We now know the question we’ll be asked about the EU constitution. We also know the question will be answered in a bone-headed way - by a simple majority.
To see the problem with this, consider three people: Alan, Bill and Charlie. Alan and Bill vote yes to the constitution and Charlie votes no. Under simple majority rule, we sign up.
But what if Charlie feels strongly about the issue whilst Alan and Bill aren’t so fussed?
Say Charlie would spend £100 to stay out of the constitution whilst Alan and Bill would spend only £20 each to join. Then, in principle, Charlie could give Alan and Bill £25 each to stop them voting. The upshot would be that we’d stay out of the constitution and everyone would be better off. Alan and Bill have made a net gain of £5 each, whilst Charlie has bought £100 of benefit for just £50.
The lesson here is simple and should be well known: majority rule can conflict with utilitarianism. In this sense, the notion of the “national interest” is incoherent; the “national interest” as decided by majority vote isn’t necessarily the “national interest” in the sense of what makes people happier.
There is, though, a simple solution – to use a demand revealing referendum.
It would work as follows. Instead of asking people to say yes or no, we ask them to vote the sum of money they’d pay to sign up or not. In our example, the votes would be:
Alan - £20 to sign up.
Bill - £20 to sign up.
Charlie - £100 to say no.
Then, rather than count votes, we add up the money, and go with the biggest sum. So in this case we stay out.
The next step is crucial. Each voter pays a tax according to whether his vote made a difference. Alan and Bill pay no tax because their vote has not affected the outcome. But Charlie must pay £40 – because had he not voted, our trio would have signed up to the constitution, giving Alan and Bill £40.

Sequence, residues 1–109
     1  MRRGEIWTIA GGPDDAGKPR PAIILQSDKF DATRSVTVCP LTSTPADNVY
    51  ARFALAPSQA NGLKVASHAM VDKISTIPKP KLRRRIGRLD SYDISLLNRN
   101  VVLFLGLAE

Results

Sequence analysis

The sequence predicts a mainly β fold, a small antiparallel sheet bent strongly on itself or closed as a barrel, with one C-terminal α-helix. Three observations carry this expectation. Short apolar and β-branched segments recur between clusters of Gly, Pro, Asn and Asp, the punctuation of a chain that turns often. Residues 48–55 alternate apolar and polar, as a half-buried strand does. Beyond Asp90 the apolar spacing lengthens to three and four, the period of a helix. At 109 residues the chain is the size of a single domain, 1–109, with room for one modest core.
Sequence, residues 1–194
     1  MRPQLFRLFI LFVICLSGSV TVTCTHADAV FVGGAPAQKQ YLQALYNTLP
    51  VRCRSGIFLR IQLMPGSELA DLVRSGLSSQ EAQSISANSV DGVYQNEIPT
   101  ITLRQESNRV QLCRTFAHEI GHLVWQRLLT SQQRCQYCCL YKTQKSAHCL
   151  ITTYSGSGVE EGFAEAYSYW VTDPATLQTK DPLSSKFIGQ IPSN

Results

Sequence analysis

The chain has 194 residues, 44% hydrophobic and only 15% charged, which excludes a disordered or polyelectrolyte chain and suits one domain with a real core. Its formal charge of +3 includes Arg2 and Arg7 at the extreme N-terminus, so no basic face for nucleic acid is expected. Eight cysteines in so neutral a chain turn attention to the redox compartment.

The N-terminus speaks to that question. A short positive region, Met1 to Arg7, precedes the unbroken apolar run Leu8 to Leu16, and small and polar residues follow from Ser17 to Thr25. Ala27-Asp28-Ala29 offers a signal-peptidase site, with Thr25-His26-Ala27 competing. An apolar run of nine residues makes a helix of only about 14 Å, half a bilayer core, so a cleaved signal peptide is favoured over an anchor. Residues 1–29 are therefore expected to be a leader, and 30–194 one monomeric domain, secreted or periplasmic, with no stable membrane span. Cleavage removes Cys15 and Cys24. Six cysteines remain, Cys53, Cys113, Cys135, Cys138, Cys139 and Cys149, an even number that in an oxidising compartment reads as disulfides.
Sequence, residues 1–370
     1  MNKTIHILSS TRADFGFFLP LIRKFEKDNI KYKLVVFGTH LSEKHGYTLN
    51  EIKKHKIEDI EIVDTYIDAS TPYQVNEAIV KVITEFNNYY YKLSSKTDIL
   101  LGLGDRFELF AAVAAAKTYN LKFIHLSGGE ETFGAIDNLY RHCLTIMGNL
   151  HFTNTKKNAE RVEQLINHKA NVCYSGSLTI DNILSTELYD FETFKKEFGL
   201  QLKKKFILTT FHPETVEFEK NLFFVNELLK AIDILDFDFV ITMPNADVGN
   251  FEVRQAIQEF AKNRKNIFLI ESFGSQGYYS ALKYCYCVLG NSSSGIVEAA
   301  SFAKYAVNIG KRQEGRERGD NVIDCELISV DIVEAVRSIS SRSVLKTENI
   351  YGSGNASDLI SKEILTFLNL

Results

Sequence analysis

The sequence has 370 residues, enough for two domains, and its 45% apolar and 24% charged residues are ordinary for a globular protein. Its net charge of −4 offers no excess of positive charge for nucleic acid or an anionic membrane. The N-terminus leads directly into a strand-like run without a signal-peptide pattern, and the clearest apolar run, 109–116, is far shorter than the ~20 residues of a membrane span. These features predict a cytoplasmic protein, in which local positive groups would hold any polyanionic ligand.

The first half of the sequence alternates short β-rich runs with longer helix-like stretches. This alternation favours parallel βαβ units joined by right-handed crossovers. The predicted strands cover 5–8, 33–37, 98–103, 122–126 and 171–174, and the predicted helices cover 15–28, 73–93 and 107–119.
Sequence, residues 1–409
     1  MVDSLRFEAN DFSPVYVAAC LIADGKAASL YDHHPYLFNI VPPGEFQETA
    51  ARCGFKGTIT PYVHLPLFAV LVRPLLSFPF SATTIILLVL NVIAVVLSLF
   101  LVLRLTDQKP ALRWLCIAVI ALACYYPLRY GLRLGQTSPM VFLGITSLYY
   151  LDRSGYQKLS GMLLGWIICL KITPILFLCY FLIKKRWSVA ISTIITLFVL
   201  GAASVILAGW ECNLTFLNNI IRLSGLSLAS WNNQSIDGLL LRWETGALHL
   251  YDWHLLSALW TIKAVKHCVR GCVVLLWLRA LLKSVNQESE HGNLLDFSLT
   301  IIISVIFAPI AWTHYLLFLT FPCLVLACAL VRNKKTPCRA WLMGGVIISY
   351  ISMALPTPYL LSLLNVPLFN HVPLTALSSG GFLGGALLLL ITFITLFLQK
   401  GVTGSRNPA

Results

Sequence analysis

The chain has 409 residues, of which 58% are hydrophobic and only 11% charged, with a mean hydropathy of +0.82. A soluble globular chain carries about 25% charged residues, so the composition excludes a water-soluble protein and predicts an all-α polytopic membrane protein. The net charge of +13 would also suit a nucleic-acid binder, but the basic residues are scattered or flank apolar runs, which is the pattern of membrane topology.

Now, there are plenty of arguments against this process. But a lot of them are either silly or arguments against our existing political processes. Here’s what the benefits would be:
1. It reconciles majority rule and utilitarianism by allowing people to reveal the intensity of their preferences.
2. It encourages people to think clearly about the issue. If they vote too large a sum, they risk having to pay a tax. If they vote too small a sum, they risk not getting their way. As Thomas Sowell said, “making people pay is a way of making them think.” (I’ve used this line before – and I’ll keep using it until the message sinks in.)
3. It recognizes that we have obligations to each other. If your preference imposes a cost onto others, it is just as well as efficient that you pay a price for this.
4. It would improve the quality of debate. Picture the scene. A politician is on Newsnight railing against the EU constitution. “Alright”, says Paxo. “How much would you vote to stay out?”
I think these are compelling arguments.
One other thing. Economists have known about these demand-revealing processes for at least 40 years; William Vickrey is credited with their discovery, but some of you might be able to date the idea back to Knut Wicksell. But politicians seem never to question simple majority rule. And they wonder why we hold them in contempt.